/home/{YOUR_USERNAME}/.config/pulse/

So open your 'Home' folder in File Manager, and look for 'Show Hidden' toggle (it's on 'View' menu
of those distros that have a Menu Bar, or on the 3-bars Menu at upper-right for Ubuntu & Budgie) --
When you find it, click to checkmark 'Show Hidden'

Next open the '.config' folder that appears, and within it, the 'pulse' folder -- there should be
five files, plus a 'cookie.' We only need to check one file ---

        {long-string-of-characters}-default-sink

Double-click it, it will open in your default text editor. This should be a single line of text --

        alsa_output.plughw_0_2

If it says anything else, edit to match the line above -- then 'Save' and 'Close'

---------------------------------------------------

That's it --- this will reliably and durably set HDMI Audio as 'default' output
(tho Headphones are still available to switch to, in Sound settings or Volume Control, etc.)


Attached Files Thumbnail(s)
   
  Reply
#3
I downloaded Z83_linuxium-ubuntu-mate-18.04-desktop-amd64.iso referred to in the first post, and just installed on a new Z83-W (2/32).

It doesn't work. It installs fine, but neither the wifi nor audio work. Not worried about wifi, I can fix that, but was hoping to find a working built-in (not HDMI) audio.

When I go to sounds it won't allow me to select the built in and make it stick (it selects, it just isn't selected when I come back). Top right speaker icon is grey and muted. Under Sound there is no test for the speakers. I tried both firefox (youtube) and rhythmbox and could not get sound. The sound hardware works, I installed W10pro and tested it.

I separately tried to make it work myself from various instructions without success (though I could get it to show up). See http://www.minisforum.com/showthread.php?tid=405

SHould the mate version above work? Could there have been board changes over the last 5 months or so since your posting?

aplay -l shows card 1 as a bytcrrt5651, with a device 0 as audio and device 1 as Deep-buffer audio.
  Reply
#4
(10-12-2018, 08:57 PM)Linwood Wrote: I downloaded Z83_linuxium-ubuntu-mate-18.04-desktop-amd64.iso referred to in the first post, and just installed on a new Z83-W (2/32).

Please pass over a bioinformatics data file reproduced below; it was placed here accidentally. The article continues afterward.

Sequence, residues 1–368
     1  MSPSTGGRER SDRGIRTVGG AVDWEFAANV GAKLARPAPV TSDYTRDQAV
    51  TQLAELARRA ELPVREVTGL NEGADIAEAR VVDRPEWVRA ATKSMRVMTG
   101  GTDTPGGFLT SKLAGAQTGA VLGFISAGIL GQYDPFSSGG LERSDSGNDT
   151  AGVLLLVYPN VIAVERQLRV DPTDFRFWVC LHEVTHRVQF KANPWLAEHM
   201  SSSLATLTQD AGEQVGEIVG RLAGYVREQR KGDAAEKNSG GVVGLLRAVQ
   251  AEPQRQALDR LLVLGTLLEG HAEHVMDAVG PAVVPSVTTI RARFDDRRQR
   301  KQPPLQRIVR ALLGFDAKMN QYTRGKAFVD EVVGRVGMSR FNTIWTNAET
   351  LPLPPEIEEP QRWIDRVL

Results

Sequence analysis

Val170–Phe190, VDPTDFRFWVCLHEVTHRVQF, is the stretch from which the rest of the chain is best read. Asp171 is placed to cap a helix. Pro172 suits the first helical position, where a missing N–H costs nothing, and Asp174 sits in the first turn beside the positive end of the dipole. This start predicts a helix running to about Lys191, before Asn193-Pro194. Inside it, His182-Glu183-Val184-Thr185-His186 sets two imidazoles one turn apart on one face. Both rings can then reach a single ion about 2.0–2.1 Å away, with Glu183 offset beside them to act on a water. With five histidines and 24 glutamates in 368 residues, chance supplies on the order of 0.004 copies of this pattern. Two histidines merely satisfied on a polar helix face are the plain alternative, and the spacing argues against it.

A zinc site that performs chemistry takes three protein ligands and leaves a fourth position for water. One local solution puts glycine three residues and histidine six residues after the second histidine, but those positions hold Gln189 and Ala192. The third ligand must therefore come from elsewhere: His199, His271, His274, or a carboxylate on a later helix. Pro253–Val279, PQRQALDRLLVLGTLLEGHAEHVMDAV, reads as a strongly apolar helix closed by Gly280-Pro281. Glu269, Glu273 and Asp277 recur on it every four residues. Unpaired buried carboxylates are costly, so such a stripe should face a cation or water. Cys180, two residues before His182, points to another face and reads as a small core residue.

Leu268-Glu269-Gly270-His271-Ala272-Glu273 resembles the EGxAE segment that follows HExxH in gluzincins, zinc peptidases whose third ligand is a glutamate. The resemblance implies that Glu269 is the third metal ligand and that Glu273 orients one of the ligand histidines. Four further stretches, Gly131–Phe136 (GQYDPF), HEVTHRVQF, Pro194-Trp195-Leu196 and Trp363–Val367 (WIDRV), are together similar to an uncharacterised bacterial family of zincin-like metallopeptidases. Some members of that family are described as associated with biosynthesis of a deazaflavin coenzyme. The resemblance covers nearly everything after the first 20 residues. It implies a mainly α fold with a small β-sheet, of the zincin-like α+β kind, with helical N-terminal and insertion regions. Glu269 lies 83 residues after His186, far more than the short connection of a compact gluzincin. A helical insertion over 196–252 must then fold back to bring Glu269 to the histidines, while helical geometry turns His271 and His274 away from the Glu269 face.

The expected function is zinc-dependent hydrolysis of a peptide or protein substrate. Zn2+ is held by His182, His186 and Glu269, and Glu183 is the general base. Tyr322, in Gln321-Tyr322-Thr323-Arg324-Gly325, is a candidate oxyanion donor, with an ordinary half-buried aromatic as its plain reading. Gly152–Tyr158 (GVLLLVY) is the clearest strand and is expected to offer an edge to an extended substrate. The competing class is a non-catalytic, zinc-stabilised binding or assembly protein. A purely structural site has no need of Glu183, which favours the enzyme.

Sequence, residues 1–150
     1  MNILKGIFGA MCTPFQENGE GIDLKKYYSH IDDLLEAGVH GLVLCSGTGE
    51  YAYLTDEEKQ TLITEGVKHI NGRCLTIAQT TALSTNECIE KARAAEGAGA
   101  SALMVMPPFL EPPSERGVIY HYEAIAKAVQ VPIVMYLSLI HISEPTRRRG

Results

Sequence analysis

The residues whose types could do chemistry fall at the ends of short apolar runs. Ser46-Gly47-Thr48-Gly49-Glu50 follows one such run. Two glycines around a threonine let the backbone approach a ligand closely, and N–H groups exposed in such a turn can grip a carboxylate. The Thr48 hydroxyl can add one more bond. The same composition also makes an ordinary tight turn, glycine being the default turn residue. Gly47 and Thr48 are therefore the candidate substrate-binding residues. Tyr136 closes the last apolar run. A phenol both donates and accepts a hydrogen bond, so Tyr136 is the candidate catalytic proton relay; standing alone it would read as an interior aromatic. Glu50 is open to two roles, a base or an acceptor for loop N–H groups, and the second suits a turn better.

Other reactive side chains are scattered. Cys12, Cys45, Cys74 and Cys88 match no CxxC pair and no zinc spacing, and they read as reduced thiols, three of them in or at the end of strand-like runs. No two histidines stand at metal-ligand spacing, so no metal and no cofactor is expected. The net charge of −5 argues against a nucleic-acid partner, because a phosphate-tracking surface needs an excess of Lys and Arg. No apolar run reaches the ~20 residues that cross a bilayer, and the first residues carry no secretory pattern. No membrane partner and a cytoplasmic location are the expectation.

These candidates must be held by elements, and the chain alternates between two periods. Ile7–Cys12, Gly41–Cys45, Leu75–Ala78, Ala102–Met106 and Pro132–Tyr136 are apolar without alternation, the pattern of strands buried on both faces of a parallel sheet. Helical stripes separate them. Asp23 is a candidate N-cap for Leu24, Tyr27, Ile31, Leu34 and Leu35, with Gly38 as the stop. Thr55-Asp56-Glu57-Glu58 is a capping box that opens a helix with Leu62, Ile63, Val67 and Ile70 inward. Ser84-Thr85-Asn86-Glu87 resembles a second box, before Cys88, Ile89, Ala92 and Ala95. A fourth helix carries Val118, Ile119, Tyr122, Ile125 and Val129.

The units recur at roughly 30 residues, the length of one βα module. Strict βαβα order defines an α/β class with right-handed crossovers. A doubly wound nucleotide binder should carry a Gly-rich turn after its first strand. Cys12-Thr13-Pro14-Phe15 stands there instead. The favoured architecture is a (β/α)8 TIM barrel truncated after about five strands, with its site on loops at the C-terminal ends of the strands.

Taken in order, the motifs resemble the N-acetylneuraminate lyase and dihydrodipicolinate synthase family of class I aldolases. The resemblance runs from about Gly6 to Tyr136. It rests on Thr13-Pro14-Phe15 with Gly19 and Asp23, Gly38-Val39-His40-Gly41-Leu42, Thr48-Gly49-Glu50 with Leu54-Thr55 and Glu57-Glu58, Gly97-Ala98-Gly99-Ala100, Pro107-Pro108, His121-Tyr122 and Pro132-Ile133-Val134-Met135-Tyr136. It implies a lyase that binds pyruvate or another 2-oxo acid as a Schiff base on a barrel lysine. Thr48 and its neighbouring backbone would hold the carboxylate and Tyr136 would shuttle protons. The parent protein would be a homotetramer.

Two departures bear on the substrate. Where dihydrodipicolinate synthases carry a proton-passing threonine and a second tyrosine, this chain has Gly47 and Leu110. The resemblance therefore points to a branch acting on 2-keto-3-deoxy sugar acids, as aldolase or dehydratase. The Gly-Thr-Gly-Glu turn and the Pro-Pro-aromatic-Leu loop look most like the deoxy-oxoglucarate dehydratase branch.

It doesn't work.  It installs fine, but neither the wifi nor audio work.  Not worried about wifi, I can fix that, but was hoping to find a working built-in (not HDMI) audio.

When I go to sounds it won't allow me to select the built in and make it stick (it selects, it just isn't selected when I come back).  Top right speaker icon is grey and muted.  Under Sound there is no test for the speakers.  I tried both firefox (youtube) and rhythmbox and could not get sound.  The sound hardware works, I installed W10pro and tested it.

I separately tried to make it work myself from various instructions without success (though I could get it to show up).   See http://www.minisforum.com/showthread.php?tid=405

SHould the mate version above work?   Could there have been board changes over the last 5 months or so since your posting?

aplay -l shows card 1 as a bytcrrt5651, with a device 0 as audio and device 1 as Deep-buffer audio.
Did you run the bash script after Install ?? 
If not, open a terminal & enter --

     fix_my_headphones.sh

That *should* run an ALSA enabling command to activate your Audio.
Second post above has detailed instructions to set either HDMI or Headphone/Audio jack as durable default -- PJ
  Reply
#5
(10-14-2018, 01:37 PM)PrairieJohn Wrote:
(10-12-2018, 08:57 PM)Linwood Wrote: I downloaded Z83_linuxium-ubuntu-mate-18.04-desktop-amd64.iso referred to in the first post, and just installed on a new Z83-W (2/32).

It doesn't work.  It installs fine, but neither the wifi nor audio work.  Not worried about wifi, I can fix that, but was hoping to find a working built-in (not HDMI) audio.

When I go to sounds it won't allow me to select the built in and make it stick (it selects, it just isn't selected when I come back).  Top right speaker icon is grey and muted.  Under Sound there is no test for the speakers.  I tried both firefox (youtube) and rhythmbox and could not get sound.  The sound hardware works, I installed W10pro and tested it.

I separately tried to make it work myself from various instructions without success (though I could get it to show up).   See http://www.minisforum.com/showthread.php?tid=405

SHould the mate version above work?   Could there have been board changes over the last 5 months or so since your posting?

aplay -l shows card 1 as a bytcrrt5651, with a device 0 as audio and device 1 as Deep-buffer audio.
Did you run the bash script after Install ?? 
If not, open a terminal & enter --

     fix_my_headphones.sh

That *should* run an ALSA enabling command to activate your Audio.
Second post above has detailed instructions to set either HDMI or Headphone/Audio jack as durable default -- PJ

No.  I'll redo the test tomorrow and see what I can get.   I thought that was just to get it to switch between speakers and headphones, maybe I misunderstood.  Will try again.  I actually made some progress (on 18.10 dailies though not sure if significant) by NOT using the linked text files, just blacklisting the hdmi seems to work. Using the referenced text files causes the output to be mono, weirdly enough.
  Reply
#6
@PrairieJohn, I tested it again. I copied the Mate variant to USB, and booted as Live, then ran the fix_my_headphones.sh script.

The results were confusing.

Under Sound, Hardware, nothing is shown.

However, it's shown under output, and it does output.

I did a "speakertest -t wav -c 2" and as I did with the manual fixes elsewhere, I got mono output, meaning both front-left and front-right played through both ears at the same volume.

So fundamentally - no, it does not work for me. Did you ever test that you really got stereo, or just that you got audio?
  Reply